Induction of Labor
Inducing labor is starting the labor, with medicine, before nature starts the labor. We induce labor for many reasons. The big categories are: pregnancy complications for the mother, pregnancy complications for the baby, and because the pregnancy has gone past the due date – enough to be a safety issue for the baby. Many times we induce labor to Prevent something bad from happening to the mother or baby.
Alternative to Induction
If induction of labor is requested, the alternative is either to wait for natural labor OR to delivery by cesarean section. When there is a compelling safety reason for mom or baby, then waiting is not a good idea. There are certain medical situations where cesarean section is better than induction of labor.
Risks of Induction
We prevent most risks to the baby during induction by very closely monitoring the fetal heartbeat. If the heartbeat suggests a problem for the baby, we deliver by cesarean section. As a result of induction, there is a higher chance of cesarean section, compared to regular labor. How much higher depends on LOTS of things.
How We Induce Labor
Induction of labor is done in the hospital. After arriving at the hospital, patients meet the labor floor staff, including the nurse, resident, the attending, and sometimes a medical student. The staff must first review the course of the pregnancy, your medical history, and document things in the electronic health record.
After we have confirmed that the baby’s head is down with a brief ultrasound done right at the bedside, we start an intravenous line (IV), and begin monitoring the uterus with two hockey-puck sized devices. One puck is a microphone, to listen to the baby, and the other puck is a used to measure contractions.
Next we start intravenous pitocin (oxytocin). We start at a low dose, and adjust the dose to make contractions come every 2-3 minutes. The dose of pitocin depends upon how sensitive your uterus is to the medicine at any moment during the labor. We monitor the frequency of contractions, and the baby’s heart rate pattern, to guide the dosing. You should expect to have the pitocin medicine until the baby is delivered.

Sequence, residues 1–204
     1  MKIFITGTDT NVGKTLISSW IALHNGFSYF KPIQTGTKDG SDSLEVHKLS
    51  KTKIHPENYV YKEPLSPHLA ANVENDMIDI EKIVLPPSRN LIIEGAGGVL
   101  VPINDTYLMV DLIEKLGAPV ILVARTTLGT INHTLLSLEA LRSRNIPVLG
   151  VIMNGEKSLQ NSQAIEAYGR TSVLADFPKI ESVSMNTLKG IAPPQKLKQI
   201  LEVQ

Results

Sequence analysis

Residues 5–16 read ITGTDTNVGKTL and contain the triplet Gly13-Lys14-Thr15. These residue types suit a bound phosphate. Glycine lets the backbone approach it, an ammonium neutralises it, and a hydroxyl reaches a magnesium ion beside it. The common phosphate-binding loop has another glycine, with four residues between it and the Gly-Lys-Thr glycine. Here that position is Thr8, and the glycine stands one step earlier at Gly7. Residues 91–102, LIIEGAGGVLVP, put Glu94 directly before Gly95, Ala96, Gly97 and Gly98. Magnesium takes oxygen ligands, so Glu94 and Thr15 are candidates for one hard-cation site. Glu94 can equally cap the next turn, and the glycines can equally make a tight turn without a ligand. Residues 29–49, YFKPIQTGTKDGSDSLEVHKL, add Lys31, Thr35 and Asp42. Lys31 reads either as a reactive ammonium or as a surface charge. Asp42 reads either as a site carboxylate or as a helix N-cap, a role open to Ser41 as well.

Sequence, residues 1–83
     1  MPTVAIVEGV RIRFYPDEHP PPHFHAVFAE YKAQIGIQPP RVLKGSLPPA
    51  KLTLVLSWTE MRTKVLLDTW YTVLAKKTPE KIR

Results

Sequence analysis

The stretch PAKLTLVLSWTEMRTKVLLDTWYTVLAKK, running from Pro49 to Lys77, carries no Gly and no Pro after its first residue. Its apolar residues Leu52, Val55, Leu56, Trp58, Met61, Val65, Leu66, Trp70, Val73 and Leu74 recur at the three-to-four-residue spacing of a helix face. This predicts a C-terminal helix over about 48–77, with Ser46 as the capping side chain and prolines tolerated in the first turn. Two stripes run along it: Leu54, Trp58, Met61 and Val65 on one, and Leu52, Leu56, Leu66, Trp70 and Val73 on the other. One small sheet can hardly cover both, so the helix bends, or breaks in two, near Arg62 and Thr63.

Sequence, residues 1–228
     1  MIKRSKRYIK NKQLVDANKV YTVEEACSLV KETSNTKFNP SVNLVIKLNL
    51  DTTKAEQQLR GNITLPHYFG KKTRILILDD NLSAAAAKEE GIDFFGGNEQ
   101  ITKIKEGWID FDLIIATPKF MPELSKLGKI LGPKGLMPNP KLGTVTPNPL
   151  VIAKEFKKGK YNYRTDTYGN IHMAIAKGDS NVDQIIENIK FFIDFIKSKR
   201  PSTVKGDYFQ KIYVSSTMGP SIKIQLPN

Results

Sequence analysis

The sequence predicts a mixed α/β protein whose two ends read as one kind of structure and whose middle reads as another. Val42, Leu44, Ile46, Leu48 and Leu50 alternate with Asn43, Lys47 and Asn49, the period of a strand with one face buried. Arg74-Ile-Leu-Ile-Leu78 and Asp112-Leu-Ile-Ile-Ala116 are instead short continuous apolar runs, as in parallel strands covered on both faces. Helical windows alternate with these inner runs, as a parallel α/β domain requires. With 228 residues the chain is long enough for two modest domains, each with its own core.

At some point in the induction process, it may be medically necessary to break the water bag. The medical term for this is called an amniotomy. Reasons to break the water bag may include to help make the induction/pitocin work, and to confirm baby well being. Meconium stained fluid is a marking of potential baby problems during labor. We manage the labor and delivery differently if we know the baby is under extra stress, or if there is meconium. The only way to diagnose meconium in the fluid is to see the fluid.
Pain and Induction of Labor
Contraction pain is the same for regular labor and induced labor. The experience of induced labor is not as natural is regular labor…so the experience can be different. We often use pitocin during induction of labor. True, contractions are stronger with pitocin. But we give only enough pitocin to start and maintain labor progress. Without contractions there is no pain, and there is no labor…[read more]
Treating labor pain is the same, during induction or natural labor. Women may elect to use intravenous medication or epidural, for all the same reasons…[read more]
As a general rule, women who are planning to have an epidural, and who have already had one or more vaginal deliveries, should get their epidural early in the labor process. A second labor, once it gets going, can progress quickly. Once the labor gets going, there may not be time to get good pain relief from an epidural before its time to push.
The actual delivery part of the induction should be the same as for a regular labor.
What if the cervix is not ready?
The cervix should be 2-3 cm dilated, and mostly thinned out, to use pitocin for induction.
If the cervix is not ready, not dilated or thinned enough, we can use a different medicine to start the induction. The category of medicine is called Prostaglandin (PG). These medicines come in various forms; pill, gel and on the end of a string. The PG medicine is stronger than pitocin, and is more difficult to adjust, so we only use it early, to get things started. It can take 4 or 12 or 24 hours to get the cervix ready. It takes longest to prepare a closed, long cervix in a first mom. Induction, and cervix preparation, is easier in a second labor, a dilated cervix, and a thinned out cervix. Sometimes we use other things to physically dilate the cervix, like a balloon. How we prepare a cervix depends upon lots of factors.
Some women choose to treat labor pain with medication. There are two choices to manage pain: intravenous medication and epidural…[read more]
A cesarean section is an alternative to a vaginal delivery. It is a surgical procedure done in the hospital OB operating room…[read more]